3. High Impact Journals and Open Access Uptake

3.3. Conclusion

One of the arguments coming from scholarly circles with respect to Open Access publishing of their research output is that researchers, in order to comply with funder mandates, will be steered towards publishing in Open Access compliant journals that do not necessarily have high impact factors.  This is considered by some researchers as detrimental to their reputation, especially the reputation of their scholarly output amongst their peers worldwide.  There is an assumption of decreased findability of their work and, in relation to this, falling citation rates.  

However, this assumption has been disproved by studies only some of which are cited in previous chapters.  The conclusions of these works are in contradiction with some scholarly arguments that the value of a researcher’s work is dependent on its being published in a journal with a ‘high impact factor’, even if the journal is not an Open Access publication.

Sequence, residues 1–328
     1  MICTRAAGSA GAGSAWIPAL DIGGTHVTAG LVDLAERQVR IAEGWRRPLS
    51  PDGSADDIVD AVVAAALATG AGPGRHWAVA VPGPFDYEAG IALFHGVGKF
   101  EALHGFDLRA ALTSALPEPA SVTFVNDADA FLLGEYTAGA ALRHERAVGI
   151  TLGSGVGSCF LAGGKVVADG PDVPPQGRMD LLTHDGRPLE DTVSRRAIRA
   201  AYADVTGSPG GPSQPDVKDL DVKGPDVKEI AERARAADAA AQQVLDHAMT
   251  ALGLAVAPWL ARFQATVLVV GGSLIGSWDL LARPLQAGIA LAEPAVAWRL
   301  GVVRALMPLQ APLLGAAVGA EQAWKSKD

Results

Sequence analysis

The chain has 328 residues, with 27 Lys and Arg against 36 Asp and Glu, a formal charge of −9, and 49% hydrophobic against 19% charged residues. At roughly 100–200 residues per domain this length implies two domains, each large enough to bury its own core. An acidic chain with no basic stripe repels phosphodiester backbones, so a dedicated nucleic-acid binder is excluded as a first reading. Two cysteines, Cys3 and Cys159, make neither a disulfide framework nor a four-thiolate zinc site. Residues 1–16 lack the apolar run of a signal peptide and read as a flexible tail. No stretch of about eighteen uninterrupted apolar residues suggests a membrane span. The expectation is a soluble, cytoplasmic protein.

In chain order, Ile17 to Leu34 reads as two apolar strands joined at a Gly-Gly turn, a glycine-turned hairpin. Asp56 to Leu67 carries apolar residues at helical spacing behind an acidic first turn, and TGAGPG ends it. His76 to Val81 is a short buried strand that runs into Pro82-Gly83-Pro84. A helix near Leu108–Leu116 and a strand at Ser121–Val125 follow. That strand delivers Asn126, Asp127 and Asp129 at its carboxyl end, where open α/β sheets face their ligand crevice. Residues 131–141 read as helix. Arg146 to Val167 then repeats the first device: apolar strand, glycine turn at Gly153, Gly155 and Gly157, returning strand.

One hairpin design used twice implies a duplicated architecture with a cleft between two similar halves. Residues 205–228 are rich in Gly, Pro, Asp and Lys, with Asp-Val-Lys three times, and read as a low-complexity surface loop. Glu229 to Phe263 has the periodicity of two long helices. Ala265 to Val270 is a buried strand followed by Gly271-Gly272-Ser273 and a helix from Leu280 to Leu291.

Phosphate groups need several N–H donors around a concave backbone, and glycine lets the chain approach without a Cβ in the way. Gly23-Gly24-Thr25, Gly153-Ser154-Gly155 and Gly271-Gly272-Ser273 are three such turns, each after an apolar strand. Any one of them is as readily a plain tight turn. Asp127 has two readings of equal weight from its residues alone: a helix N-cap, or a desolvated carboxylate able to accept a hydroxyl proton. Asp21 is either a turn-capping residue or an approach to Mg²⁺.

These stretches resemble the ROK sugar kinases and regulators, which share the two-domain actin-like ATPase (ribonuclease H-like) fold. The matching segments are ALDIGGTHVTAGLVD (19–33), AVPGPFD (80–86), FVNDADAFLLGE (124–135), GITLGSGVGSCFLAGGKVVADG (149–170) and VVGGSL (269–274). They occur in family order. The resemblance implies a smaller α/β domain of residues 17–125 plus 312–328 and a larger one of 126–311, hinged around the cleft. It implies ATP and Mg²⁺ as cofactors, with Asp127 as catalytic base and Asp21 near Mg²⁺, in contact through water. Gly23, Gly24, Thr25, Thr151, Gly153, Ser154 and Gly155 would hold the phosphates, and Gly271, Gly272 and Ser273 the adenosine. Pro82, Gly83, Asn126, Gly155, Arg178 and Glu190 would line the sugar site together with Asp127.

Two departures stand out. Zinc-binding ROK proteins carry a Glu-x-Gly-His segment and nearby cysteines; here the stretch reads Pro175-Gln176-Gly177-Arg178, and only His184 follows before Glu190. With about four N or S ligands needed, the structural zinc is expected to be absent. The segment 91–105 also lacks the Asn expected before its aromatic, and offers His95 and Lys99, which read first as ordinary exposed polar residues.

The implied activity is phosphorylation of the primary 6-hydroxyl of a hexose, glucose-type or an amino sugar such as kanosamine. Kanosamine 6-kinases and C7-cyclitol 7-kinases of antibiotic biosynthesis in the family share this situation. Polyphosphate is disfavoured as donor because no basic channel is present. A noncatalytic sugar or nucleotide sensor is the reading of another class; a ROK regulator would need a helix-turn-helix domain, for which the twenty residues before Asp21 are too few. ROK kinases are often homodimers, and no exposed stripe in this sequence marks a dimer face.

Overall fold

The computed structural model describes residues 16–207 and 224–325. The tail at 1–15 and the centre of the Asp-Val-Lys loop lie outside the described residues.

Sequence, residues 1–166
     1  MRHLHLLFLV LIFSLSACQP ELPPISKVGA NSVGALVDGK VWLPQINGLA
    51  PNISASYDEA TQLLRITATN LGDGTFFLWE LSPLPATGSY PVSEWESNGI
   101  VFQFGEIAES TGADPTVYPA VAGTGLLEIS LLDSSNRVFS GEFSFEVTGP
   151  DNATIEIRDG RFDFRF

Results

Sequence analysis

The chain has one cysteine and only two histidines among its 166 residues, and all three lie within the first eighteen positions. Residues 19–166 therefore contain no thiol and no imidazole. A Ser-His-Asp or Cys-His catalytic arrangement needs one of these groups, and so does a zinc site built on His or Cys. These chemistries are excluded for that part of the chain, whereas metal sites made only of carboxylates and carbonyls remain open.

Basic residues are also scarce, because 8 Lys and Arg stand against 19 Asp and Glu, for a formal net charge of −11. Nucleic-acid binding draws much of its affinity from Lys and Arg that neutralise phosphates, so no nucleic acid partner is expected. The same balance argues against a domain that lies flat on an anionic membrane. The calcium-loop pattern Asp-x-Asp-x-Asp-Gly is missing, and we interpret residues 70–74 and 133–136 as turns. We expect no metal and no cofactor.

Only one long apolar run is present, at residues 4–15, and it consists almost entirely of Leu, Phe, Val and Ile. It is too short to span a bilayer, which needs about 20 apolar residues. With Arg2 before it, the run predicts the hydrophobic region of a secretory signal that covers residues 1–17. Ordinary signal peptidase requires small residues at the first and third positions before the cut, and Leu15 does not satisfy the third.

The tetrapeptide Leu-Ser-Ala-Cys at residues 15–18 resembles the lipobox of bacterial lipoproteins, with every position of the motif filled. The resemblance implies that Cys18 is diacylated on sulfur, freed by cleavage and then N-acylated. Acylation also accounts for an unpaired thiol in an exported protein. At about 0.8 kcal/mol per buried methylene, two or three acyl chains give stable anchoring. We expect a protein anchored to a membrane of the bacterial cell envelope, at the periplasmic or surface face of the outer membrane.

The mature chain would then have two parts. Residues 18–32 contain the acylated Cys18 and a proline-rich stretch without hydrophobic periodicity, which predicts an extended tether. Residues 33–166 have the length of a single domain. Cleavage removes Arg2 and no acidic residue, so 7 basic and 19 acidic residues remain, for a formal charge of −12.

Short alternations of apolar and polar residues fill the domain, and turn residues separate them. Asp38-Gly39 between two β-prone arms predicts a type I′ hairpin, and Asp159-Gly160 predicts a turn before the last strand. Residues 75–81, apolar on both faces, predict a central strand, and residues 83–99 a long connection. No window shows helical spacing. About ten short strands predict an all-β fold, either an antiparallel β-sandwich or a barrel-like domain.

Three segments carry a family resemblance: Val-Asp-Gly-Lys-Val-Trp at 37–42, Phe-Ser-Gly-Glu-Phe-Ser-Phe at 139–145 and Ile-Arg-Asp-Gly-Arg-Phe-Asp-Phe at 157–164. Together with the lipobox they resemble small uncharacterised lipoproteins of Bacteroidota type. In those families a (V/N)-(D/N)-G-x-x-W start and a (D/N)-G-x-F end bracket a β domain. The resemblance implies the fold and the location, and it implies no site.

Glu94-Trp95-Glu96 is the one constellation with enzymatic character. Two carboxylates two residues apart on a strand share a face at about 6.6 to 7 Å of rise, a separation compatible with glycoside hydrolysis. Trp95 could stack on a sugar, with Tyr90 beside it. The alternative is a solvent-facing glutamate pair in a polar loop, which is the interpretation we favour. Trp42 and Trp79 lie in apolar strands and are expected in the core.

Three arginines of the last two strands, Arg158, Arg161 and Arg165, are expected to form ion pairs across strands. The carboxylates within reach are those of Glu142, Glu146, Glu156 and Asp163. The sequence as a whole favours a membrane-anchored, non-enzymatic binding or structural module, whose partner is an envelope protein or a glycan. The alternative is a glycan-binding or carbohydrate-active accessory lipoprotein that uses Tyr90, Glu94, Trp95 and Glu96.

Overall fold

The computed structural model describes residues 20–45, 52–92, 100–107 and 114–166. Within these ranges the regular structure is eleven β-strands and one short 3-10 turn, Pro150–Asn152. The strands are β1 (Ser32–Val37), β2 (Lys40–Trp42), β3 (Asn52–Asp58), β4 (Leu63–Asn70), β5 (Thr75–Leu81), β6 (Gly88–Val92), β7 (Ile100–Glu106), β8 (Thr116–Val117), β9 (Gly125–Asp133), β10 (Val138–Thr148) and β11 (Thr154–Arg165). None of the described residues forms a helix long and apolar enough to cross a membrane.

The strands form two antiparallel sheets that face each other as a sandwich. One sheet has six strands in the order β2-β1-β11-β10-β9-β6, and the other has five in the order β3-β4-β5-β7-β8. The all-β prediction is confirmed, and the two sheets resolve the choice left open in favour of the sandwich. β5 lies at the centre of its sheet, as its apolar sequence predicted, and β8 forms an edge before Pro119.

A research paper should have its own intrinsic value regardless of the medium it is published in, and researchers should not worry about losing reputation, of not being recognised internationally for not having their work published in a so-called ‘reputable’ journal.  The paper’s reputation should come before the ‘reputation’ of the publisher.  The ‘reputation’ of the publisher stems from the monetary wealth of that publisher after all: its network of distribution and its power of lobbying and wooing Higher Education institutions.  A researcher’s paper, on the other hand, is a product of intellectual hard work; is valuable in its own right and should be treated as such.